Burn out is something that a lot of college students go through, and it’s something that a lot of incoming freshmen will hear about. That doesn’t mean that it’s going to happen to you in any way, shape or form. It’s all about being able to know what options you have available, take those options, and keep moving forward. First off, you have to realize that college is hard. If you plan to finish your Masters in Cyber Security within the next few years with flying colors, it is going to take a lot of patience and commitment. Learning how to respond to cyber-attacks, installing software and knowing how to efficiently gather evidence to prosecute pedophiles and hackers won’t happen overnight . There’s just no getting away from this concept. It’s not a walk in the park; otherwise there would be a lot more people going to college than ever before. In order to get through college the right way, you have to realize that you really have to buckle down. People think that just because they had a great time in high school and the subjects were easy means that college is going to be very easy. The reality is that it’s really not that way at all. You don’t want to give yourself the idea that college is going to be a cakewalk. If you do, then you’re going to be blown away when you see just how difficult college really is for you. The best thing that you can do with yourself is to make sure that set realistic goals. If you know going in that college is going to be difficult, then it’s a good idea to make sure that you know where the tutoring is located. It’s the tutor’s job to make sure that you really get your subjects properly. If that’s not the case, then you have to stick with it until you get it.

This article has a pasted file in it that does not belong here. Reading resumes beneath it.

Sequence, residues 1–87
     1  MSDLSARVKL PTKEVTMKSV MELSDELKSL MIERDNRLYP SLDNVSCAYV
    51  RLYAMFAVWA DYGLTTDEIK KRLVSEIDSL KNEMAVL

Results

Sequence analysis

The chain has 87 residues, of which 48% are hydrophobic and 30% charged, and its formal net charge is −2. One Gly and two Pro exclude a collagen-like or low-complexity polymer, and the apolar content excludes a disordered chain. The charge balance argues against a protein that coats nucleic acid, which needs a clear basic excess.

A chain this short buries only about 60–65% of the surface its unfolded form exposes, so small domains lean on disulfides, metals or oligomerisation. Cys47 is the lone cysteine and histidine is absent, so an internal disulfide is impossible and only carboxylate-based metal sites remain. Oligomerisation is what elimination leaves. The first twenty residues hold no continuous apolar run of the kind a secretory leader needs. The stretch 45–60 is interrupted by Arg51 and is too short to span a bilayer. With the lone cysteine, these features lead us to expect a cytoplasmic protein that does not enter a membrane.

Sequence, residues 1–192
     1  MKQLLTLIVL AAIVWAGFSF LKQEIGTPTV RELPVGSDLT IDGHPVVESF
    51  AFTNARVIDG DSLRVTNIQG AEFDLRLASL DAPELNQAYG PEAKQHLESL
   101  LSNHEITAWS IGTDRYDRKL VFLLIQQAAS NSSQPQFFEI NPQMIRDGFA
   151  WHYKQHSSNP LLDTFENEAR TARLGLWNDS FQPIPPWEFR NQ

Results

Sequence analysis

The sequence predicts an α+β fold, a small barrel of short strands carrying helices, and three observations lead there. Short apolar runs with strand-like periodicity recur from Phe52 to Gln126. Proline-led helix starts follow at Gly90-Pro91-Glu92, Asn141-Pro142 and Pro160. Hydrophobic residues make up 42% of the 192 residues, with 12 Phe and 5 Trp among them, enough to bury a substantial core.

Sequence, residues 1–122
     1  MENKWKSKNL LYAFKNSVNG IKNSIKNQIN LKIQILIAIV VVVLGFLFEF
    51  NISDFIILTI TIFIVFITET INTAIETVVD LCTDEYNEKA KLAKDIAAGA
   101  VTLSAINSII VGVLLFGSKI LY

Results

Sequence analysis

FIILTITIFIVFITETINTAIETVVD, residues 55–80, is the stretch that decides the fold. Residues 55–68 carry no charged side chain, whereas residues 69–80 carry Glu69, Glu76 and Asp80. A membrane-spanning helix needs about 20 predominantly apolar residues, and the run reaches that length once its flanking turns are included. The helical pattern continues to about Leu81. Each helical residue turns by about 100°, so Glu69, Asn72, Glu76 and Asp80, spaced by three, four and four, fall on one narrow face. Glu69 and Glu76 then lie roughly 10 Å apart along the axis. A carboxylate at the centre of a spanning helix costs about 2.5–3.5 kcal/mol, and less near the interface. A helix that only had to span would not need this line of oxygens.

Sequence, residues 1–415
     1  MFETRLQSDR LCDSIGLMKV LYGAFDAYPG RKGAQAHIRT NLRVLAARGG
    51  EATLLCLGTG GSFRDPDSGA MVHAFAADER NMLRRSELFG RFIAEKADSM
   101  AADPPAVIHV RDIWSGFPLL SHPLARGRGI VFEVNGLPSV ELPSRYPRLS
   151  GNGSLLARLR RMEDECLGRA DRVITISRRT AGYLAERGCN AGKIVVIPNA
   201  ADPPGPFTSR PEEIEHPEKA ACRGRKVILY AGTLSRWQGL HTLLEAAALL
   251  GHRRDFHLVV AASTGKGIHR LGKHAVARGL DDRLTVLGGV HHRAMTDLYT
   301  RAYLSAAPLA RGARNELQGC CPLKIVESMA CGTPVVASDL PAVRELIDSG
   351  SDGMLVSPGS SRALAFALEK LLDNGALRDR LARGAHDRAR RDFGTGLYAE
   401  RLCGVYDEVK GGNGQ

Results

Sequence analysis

Learning not to burn out also means learning to ask for help. You have to make sure that you’re not expecting to go through college on your college. College is really all about teamwork. If you aren’t working with other people, then you’re setting yourself up to be isolated. Why do you think colleges encourage freshmen to live on campus? They know that you’re going to be in an environment where there’s a lot of learning to be found. You will definitely have your hands full, but that doesn’t mean that end of the world. It just means that you’re going to really need to measure your expectations accordingly. There’s nothing that says that you can’t get things done. It just means that you are going to have to change the way that you would normally do things.
Being honest with people at home is very important. If they’re used to you getting great grades and then you suddenly bring home not so stellar ones, they might feel like you’re not applying yourself enough. Before you get angry at their assumption, think about it from their perspective. They have only known you to be a stellar student, so when there are challenges ahead, speak up! Don’t just say nothing all semester long and then hit them with your grades at the end of it. It’s only going to confuse the daylights out of your parents, and make you feel even worse.
Are you really applying your best efforts? You might think that you are, but you also might be surprised at how much that isn’t the case at all. Look back at most of your days. Are you just sitting around online, or are you getting work done that wouldn’t otherwise be there? That’s something to think about. Maybe you really putting the maximum amount of effort that you can in your work. If that’s the case, then you definitely need to ensure that you speak up anyway. Show the times that you’ve gone to tutoring as proof that you are serious about getting your grades up. Of course, if you’re paying for college on your own then you don’t need to go through all of this. It’s completely up to you to figure out what you want to do, and how you want to get it done. Seize your future — don’t let yourself slide into being burned out.
Now then, as a side note — what happens when you KNOW that you are burnt out on school? Talk to someone. You might need to take a small break, but it shouldn’t end up being something that means you never go back to school. That’s the danger of “small breaks” — they ultimately turn into larger ones from school. That’s just not the path that you really want to walk down. Most colleges and universities have counselors on staff to help you through these tough times. You might even confide in a friend. Either way, don’t give up on the college experience just yet!